Big sail area. Would reefing the sail not help with that? (I am already studying up on some terminology and theory, hehe)Im not trying to convince everyone that this is a good idea, Im just trying to have some discussion. The only thing I am wary about is buying a boat and becoming bored with it after a few months, and then needing to sell it and buy a more exciting one. You can put a flattening reef in the end of the sail which raises the boom a bit, but in general, the 505 does not reef well because of the bendy mast. if the main were lower on the rig, the mast bend would not be right, making the sail shape wrong, making it more difficult to sail. 505 is a somewhat tender boat, it will demand you move your weight or trim the sails fairly quickly with small changes in the wind. You and your crew will need to be paying attention. To a beginner in a tender boat, that sometimes is overwhelming. The 505 is not a durable boat as it relates to being put on the ground, or bumped at the dock. Most older 505's have very fragile decks, so for all practical purposes, you cannot go to the bow for anything(I know it's possible, but this someone starting out, don't want them pulling splinters out of their legs). Most 505's are rigged fairly uniquely, so you are somewhat on your own when it comes to fixing things. I am sure local 505 sailors would be happy to help, but in general, you will have to figure out the boat in pretty short order. There is no standard way to rig a 505. If you are stuck on the idea of a 505. You can always get one and have some experienced people sail w you till you get the hang of it. I personally would not want to be a new person sitting in the front of a 505 with a new person sitting in the back. You can sail the 505 upwind without a trapeze in a fair amount of wind, you just end up going much slower. It is done all the time prior to the start of a races. Some people catch on to sailing very fast, some people never get it. You have to decide where you fit on that spectrum and make your own choice. If you make it past the initial learning stage, it will likely be very rewarding. That said, I have seen people get in over their quickly and quit the sport.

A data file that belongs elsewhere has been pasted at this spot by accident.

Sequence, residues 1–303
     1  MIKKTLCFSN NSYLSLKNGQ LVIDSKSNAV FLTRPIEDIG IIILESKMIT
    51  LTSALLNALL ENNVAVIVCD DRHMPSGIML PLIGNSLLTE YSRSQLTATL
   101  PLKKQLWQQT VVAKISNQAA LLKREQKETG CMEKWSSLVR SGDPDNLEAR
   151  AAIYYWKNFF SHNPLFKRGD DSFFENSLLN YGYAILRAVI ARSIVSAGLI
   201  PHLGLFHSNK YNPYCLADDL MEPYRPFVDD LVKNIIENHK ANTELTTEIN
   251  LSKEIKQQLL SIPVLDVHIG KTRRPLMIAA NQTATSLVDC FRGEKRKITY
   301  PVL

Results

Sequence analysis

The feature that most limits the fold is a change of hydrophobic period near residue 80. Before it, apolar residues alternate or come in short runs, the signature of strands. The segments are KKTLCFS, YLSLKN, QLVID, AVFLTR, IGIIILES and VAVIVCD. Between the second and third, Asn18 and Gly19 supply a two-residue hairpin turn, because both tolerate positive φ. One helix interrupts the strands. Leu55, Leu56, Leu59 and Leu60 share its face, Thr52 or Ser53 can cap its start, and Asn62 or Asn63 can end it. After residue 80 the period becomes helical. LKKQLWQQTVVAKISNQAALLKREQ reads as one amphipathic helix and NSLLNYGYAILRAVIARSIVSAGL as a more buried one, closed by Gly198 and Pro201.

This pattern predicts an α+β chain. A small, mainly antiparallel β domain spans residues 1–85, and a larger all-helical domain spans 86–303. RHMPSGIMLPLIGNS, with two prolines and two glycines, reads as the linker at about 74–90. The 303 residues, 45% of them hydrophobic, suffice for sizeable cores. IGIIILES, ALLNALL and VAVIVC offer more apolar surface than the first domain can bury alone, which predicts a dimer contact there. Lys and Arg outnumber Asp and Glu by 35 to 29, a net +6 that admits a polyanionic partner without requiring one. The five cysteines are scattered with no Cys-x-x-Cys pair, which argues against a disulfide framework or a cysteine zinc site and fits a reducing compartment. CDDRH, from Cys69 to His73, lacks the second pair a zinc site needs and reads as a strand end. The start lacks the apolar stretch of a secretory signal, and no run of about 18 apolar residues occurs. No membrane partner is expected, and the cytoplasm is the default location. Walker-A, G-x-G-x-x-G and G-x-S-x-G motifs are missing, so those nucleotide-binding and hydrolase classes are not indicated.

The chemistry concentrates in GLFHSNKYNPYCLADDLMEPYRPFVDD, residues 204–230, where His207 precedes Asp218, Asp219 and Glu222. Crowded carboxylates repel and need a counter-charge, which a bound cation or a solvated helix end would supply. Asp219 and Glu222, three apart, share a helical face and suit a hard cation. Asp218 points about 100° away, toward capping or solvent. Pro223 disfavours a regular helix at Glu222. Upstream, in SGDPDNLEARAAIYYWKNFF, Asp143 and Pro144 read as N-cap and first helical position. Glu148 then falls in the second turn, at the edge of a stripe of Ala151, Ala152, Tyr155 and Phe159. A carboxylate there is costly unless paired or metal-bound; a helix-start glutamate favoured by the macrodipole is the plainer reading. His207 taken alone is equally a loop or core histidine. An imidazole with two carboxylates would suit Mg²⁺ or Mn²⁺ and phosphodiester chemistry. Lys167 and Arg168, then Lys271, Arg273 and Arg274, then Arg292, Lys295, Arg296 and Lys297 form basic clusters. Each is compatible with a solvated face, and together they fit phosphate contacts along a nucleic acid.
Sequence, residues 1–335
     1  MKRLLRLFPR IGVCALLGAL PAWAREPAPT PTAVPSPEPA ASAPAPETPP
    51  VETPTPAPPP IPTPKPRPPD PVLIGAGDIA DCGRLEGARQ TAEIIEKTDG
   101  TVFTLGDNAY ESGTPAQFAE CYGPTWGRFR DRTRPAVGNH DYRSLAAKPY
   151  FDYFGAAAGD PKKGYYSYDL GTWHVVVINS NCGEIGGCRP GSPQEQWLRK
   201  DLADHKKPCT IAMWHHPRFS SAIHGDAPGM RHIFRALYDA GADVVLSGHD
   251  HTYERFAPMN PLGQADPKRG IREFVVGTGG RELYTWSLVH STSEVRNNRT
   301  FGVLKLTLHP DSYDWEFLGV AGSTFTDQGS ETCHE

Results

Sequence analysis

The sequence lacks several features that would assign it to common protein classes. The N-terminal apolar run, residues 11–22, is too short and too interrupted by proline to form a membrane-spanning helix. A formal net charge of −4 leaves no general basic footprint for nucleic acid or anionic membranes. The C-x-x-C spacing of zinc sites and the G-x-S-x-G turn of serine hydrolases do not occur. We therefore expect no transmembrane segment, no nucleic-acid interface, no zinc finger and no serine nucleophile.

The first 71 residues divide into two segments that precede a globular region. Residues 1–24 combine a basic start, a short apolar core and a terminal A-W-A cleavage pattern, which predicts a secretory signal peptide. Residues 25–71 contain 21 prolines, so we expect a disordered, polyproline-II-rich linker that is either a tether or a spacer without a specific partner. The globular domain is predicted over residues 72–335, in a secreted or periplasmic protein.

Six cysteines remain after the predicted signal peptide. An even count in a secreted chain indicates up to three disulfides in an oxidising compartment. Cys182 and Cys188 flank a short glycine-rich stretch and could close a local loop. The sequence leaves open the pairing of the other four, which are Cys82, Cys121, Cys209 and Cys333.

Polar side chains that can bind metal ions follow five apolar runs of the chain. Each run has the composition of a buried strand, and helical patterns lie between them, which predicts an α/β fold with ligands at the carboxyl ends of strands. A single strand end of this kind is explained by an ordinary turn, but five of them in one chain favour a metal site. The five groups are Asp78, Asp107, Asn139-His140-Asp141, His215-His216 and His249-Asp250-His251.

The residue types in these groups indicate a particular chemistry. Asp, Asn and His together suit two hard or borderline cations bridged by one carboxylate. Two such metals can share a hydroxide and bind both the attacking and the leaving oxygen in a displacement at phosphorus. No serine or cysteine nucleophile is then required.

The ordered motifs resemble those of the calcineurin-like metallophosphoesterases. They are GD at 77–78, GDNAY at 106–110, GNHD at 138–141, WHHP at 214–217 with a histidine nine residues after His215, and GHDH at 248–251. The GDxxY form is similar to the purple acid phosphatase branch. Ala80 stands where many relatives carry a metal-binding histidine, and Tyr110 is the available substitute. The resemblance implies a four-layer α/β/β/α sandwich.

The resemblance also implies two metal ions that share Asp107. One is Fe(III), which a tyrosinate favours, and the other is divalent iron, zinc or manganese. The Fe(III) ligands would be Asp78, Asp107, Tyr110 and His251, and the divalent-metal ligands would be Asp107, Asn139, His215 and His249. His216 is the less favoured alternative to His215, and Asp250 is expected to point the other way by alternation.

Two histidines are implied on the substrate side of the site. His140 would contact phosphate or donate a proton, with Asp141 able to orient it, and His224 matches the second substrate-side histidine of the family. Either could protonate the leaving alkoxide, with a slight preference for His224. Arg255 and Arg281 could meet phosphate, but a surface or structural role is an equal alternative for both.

6. 420 vs 505 for beginner

    I love the 505. Sailed/raced them for years. Could not recommend one to a beginner w a good conscience. If you and your wife have a history of actively doing sports, then it would be a weak maybe. The hulls don't like touching a peer or a shell on a beach. They are powerful and fast. If you really want to push the 505 idea, get in touch w someone w the local class and have them take you for a ride, then see if you can drive one. Definitely try before you buy.
  7. 420 vs 505 for beginner

    505 is not the right boat for a beginner. Ask your local club what they recommend. 1. Get a boat that is your area 2. Get a boat that fits your size 3. Get a boat that fits your ability. An Albacore is a much better beginner boat and husband & Wife boat if they have them in your area.
  8. Shouldn't we be focused on bathrooms?
  9. Maryland Stupid law time

    The typical compromise by the state would be to create a trapeze safety requirement. Hours of testing and then pay a fee for a test, renew every other year. ...time to strike out the words "....land of the free." It will be another decade or two before we have to take out home of the brave.